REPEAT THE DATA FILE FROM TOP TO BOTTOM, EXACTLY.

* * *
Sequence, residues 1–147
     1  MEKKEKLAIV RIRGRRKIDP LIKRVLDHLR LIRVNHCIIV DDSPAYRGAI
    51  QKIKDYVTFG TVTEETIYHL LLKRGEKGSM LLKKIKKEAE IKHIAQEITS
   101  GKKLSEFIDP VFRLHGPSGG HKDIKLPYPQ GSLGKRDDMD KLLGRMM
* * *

Sequence, residues 1–147
     1  MEKKEKLAIV RIRGRRKIDP LIKRVLDHLR LIRVNHCIIV DDSPAYRGAI
    51  QKIKDYVTFG TVTEETIYHL LLKRGEKGSM LLKKIKKEAE IKHIAQEITS
   101  GKKLSEFIDP VFRLHGPSGG HKDIKLPYPQ GSLGKRDDMD KLLGRMM